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Jon Jones takes next step in path to stardom at UFC 126

Jones squares off against undefeated Ryan Bader in a bout between young standouts

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Justin M. Bowen

Jon Jones works out during UFC 126 open workouts Thursday, Feb. 3, 2011, at Mandalay Bay Events Center.

UFC 126 Workouts

Jon Jones works out during UFC 126 open workouts Thursday, Feb. 3, 2011, at Mandalay Bay Events Center. Launch slideshow »

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Jon Jones may have already caused a few injuries at the Mandalay Bay Events Center two days before his fight at UFC 126.

At the conclusion of his open workout Thursday afternoon, the 23-year old phenom created a frenzy when he signed and tossed a handful of his gear into the crowd. Fans dove over seats and wrestled for positioning to grab gloves and anything else that came from the hands of Jones.

It was just another example of the excitement surrounding Jones, who is widely seen as the sport’s next superstar.

“I appreciate the people who see something in me,” Jones said at the open workout. “That’s why I do it and why I work really hard. But at the same time, it can be scary and it can be a lot.”

But if Jones (11-1) is at all intimidated for his light heavyweight clash with “The Ultimate Fighter” season 8 champion Ryan Bader (13-0), he’s not showing it.

“Jon Jones scares me because he’s not nervous,” said veteran light heavyweight Forrest Griffin, who fights Rich Franklin Saturday. “He’s just excited, running around and smiling before the fight. He’s like a little kid on Christmas.”

Jones is the antithesis of a lot of athletes who find success at a young age. He appears to know how to handle it and is far from reserved.

Jones offers arguably the most insightful media sessions out of anyone in the UFC and interacts with fans like he’s practiced it for years.

The constant spotlight doesn’t bother Jones, who said that comfort stemmed from the way he was brought up in Endicott, N.Y.

“My dad used to make me sing in church on Sundays and I was shaking I would be so scared,” he said. “So, this is just people watching you. I’ve been at wrestling tournaments for a long time and been in the finals quite a few times, so over time I guess I’ve developed not to fear people.”

Jones was an accomplished wrestler, winning a state championship in high school and a junior college national championship at Iowa Central Community College. But he had no MMA background until three years ago, making his rapid rise to the top of the sport one of the fastest ever.

Jones pointed out Thursday that the 26-year old Bader already had a handful of professional fights before he even started trained.

“I was just a normal college kid,” Jones said. “Now things have changed and I just try to remember it can be all taken away.”

UFC President Dana White said he considered Bader a major step up in competition for Jones.

The undefeated Bader won his last two fights against notable MMA veterans. He knocked out Keith Jardine and scored a unanimous decision win against Antonio Rogerio Nogueira. If Jones is regarded as the No. 1 future standout in the 205-pound weight division, Bader is a close second.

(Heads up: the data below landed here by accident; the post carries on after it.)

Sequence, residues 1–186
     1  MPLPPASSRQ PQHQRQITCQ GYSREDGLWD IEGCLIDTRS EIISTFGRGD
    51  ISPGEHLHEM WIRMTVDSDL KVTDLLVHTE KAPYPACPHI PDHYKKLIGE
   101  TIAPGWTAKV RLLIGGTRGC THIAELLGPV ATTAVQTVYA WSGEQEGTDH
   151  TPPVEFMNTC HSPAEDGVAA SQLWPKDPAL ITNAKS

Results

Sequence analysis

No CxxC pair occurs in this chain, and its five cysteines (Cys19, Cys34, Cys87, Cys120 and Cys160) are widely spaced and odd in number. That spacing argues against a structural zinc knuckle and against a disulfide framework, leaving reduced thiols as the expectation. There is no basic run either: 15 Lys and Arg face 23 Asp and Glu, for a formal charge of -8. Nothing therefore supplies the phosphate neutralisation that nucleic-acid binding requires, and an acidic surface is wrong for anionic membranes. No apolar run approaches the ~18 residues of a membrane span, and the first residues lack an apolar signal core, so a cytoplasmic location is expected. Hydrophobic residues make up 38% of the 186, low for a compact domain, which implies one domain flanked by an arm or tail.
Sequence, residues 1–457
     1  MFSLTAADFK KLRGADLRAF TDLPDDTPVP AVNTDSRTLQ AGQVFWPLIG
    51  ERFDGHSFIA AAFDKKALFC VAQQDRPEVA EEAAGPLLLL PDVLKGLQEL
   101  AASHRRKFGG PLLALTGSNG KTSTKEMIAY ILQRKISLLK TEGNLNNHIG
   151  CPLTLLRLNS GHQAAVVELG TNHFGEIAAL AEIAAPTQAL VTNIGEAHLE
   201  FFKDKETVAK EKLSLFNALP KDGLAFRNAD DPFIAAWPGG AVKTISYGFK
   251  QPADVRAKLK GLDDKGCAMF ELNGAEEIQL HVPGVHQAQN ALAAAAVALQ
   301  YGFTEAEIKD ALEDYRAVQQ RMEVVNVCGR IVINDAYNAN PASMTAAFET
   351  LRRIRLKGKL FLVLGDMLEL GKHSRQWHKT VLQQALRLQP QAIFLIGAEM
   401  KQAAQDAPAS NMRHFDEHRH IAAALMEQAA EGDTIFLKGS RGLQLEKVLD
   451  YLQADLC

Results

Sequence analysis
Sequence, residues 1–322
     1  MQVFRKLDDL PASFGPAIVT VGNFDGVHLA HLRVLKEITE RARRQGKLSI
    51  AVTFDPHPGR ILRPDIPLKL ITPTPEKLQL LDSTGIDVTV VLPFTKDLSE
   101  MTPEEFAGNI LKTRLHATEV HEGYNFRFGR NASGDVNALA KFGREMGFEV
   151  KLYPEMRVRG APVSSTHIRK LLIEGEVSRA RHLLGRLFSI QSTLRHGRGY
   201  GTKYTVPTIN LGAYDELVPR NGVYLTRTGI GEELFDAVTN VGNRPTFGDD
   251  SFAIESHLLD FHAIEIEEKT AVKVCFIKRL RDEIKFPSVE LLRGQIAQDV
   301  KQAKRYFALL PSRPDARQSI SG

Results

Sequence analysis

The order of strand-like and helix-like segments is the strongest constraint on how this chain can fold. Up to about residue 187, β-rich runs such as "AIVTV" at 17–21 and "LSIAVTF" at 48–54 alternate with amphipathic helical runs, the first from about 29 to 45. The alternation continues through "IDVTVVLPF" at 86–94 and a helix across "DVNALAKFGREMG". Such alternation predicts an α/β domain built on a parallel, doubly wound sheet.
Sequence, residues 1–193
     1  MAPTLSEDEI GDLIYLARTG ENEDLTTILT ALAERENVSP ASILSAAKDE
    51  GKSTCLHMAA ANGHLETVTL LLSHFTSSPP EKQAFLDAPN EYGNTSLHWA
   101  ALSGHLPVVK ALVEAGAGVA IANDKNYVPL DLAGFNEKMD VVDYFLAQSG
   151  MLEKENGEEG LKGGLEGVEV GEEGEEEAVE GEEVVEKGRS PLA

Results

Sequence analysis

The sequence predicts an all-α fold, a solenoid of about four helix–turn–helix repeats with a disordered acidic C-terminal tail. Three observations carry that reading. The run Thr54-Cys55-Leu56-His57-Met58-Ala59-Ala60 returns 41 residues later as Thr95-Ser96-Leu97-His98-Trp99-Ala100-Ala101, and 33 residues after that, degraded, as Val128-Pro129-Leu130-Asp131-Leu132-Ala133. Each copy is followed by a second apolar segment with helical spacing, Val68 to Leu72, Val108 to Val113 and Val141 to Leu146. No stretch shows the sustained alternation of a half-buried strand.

“I’ll say this about the Jones vs. Bader fight: I’m surprised they didn’t hold off on it, because this has Main Event potential,” Franklin said. “You give these guys another fight or two and in six months it could be a Main Event.”

Bader has kept a close eye on Jones’ career ever since his debut at UFC 87 because he knew their careers were destined to cross. Bader said he enjoyed watching Jones fight because of his inventive style, which often includes spinning elbows and unconventional takedowns.

But Bader also feels like people are overlooking his accomplishments and solid technique, which he calls basic but effective.

“I relish the underdog role and people not giving me a chance,” Bader said. “It’s going to feel really good to prove a lot of people wrong when I go out there and beat him.”

Bader would consider himself the first man to truly beat Jones, whose sole loss is a controversial one. Jones dominated Matt Hamill in the first round of a bout in December 2009, but was disqualified for throwing illegal elbows.

It was a decision that angered many, most notably White.

“Every time he gets in the octagon and I see that one loss, it’s going to drive me crazy,” White said after one of Jones’ wins last year. “He should have had a point taken away, not been disqualified. The reason Hamill couldn’t continue in that fight was his shoulder. It had nothing to do with the illegal elbows.”

Jones is one of the few who still consider that fight a loss. He vowed to improve after it and followed by knocking out both Brandon Vera and Vladimir Matyushenko in the first round of his last two fights.

Those performances have put his popularity at an all-time high. He’s going to do everything he can to validate it against Bader.

“I’m trying to remember not to look at him as a threat to fall to,” Jones said, “but as a challenge to rise up to.”

Case Keefer can be reached at 948-2790 or [email protected]. Follow Case on Twitter at twitter.com/casekeefer.

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  1. Jon Jones is a baaaaad man!